The executive search consultancy has announced its Emerging Leaders programme cohort, which includes Miranda Beebe, lead of Trussell Trust’s Transforming Volunteering strategy; Dr Ruth Bastow, innovation director for CHAP; and Dr Lisa Morgans, head of Livestock for i4Agri.
The programme is designed to give future leaders, working in charities in the global food supply chain, access to funding from Eden Search & Select, which can be used to pay for an academic qualification, a vocational course or a research project that will make a genuine difference.
They will also receive mentorship from industry experts who have worked at the top of their field, including retail, the not-for-profit sector and government departments like DEFRA.
Facilitate innovation and transformation
“Congratulations to our programme participants; an all-star female line up of future leaders, who each have a clear vision of their future and how they want their careers to progress,” said David Macaulay, MD of Eden Search & Select.
“While focusing on different parts of the global food supply chain, Ruth, Miranda and Lisa are united in their passion to facilitate innovation and transformation in the areas in which they work.
“In sectors that remain largely dominated by men, they are already excelling at what they do, but I’m confident that the knowledge and insights on offer from their mentors will prove invaluable as they continue their progression.”
Eden Search & Select’s mission is to plough the global food and farming landscape to unearth high calibre, board-level leadership talent that can deliver sustained, profitable growth. The agency works with entities of all sizes, from rapidly-growing, private equity funded agritech startups to global corporations specialising in fresh, high protein, plant-based manufacturing.
The Trussell Trust supports a UK-wide network of food banks that provide emergency food and support to people locked in poverty.
Leading development of the charity’s Transforming Volunteering strategy, Beebe wants to use her funding to enhance her leadership skills so she can become an agent for change across the Trust’s franchised network of food banks, which employ more than 30,000 volunteers nationwide.
“The pandemic has caused a step change in our volunteering ambitions, in which I play the lead role in developing and delivering the Transforming Volunteering strategy,” said Beebe.
“Investing time in my personal development will enable me to lead the team in driving the foundation for ever greater collaboration across the team, strengthening local partnerships and ensuring that food banks are in the best possible position to both meet increases in demand and initiate programmes tackling the drivers of poverty.”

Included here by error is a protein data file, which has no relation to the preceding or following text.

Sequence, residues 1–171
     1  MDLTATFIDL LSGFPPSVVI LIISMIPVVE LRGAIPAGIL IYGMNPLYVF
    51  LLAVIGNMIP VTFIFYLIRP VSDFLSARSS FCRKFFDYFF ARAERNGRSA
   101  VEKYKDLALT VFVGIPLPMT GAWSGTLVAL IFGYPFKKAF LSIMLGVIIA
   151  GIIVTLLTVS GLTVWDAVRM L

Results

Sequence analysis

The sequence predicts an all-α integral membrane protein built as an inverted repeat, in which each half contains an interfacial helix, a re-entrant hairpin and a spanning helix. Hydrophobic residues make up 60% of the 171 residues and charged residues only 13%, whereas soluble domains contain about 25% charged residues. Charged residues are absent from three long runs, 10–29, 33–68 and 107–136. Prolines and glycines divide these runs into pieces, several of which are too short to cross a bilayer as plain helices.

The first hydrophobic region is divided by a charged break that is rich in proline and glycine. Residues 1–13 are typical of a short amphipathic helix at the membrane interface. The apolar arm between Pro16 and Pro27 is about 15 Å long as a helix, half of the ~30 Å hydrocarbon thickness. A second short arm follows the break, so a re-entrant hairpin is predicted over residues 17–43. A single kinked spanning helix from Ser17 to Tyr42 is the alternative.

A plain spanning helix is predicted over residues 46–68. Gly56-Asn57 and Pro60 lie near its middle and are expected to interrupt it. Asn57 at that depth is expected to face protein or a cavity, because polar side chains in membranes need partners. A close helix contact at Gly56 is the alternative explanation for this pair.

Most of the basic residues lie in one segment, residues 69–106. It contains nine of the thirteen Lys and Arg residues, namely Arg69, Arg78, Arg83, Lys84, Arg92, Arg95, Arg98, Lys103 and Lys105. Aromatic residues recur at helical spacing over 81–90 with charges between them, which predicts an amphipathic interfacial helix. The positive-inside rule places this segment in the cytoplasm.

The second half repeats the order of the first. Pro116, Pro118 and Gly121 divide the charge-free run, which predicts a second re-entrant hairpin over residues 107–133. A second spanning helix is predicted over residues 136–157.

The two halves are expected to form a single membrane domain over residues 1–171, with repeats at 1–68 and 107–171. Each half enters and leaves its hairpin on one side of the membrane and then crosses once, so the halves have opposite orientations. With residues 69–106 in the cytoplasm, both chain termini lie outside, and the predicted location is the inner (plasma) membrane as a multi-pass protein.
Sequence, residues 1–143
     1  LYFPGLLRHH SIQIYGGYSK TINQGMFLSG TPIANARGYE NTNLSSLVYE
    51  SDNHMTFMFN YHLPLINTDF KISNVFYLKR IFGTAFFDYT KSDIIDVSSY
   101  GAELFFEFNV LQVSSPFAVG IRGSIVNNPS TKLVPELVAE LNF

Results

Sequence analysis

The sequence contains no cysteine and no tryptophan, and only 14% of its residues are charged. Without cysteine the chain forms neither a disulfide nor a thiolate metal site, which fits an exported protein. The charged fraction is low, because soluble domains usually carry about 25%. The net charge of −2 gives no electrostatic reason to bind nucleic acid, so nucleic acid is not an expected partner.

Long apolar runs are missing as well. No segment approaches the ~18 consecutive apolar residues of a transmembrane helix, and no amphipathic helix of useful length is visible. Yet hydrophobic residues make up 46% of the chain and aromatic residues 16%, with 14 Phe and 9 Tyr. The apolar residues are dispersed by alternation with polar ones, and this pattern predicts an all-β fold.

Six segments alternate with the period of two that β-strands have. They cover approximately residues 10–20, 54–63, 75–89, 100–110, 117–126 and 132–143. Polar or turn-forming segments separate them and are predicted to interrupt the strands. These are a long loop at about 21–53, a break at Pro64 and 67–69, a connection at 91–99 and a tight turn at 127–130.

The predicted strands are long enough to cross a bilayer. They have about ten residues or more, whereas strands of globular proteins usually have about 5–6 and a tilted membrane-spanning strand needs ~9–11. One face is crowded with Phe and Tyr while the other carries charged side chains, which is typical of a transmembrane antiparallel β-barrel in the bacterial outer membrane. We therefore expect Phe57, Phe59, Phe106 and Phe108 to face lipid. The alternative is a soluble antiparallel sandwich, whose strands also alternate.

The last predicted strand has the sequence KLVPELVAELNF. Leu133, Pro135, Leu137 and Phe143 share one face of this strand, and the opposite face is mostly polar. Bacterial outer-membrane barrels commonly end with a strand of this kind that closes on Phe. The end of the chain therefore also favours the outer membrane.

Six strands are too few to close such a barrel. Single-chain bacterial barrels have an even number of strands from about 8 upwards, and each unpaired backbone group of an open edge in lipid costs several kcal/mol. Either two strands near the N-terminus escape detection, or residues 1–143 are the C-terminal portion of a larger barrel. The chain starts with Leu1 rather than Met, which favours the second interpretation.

Dr Bastow plans to use her backing to start an MIT Leadership & Innovation course. She works for CHAP, which aims to increase crop productivity for future generations through the uptake of new technologies in agriculture.
Conscious the industry faces major challenges in the shape of net zero and biodiversity loss, Dr Bastow wants to understand more about the commercial realities that companies of all sizes face when bringing innovation to market and what the associated leadership challenges might be.
“Agriculture is currently facing some of its biggest challenges as an industry,” said Dr Bastow.
“To meet these challenges science and innovation will be critical, but more important will be stakeholder collaboration and interaction across the entire supply chain. This will require strong, effective leadership, to help guide positive change, to listen and to inspire. I am delighted to have been selected for Eden’s Emerging Leaders programme, and look forward to learning from others, as I maximise the opportunities that lie ahead for CHAP, and the sector as whole.”
i4Agri connects farmers with farming research to develop the knowledge and tech that make modern agriculture more sustainable, resilient and productive.
With her gratuity, Dr Morgans plans to enrol on a facilitation training course run by the International Association of Facilitators. She is passionate about empowering farming groups to adapt to the changes facing agriculture and wants farmers to have greater access to integrated and impartial support that will help them innovation and implement new ideas.
“I believe strong role models and their inspirational stories are critical for personal development,” said Dr Morgans.
“The opportunity to receive mentoring from key individuals with extensive experience in sustainability will equip me with the skills and confidence needed to tackle the major challenges facing agriculture.”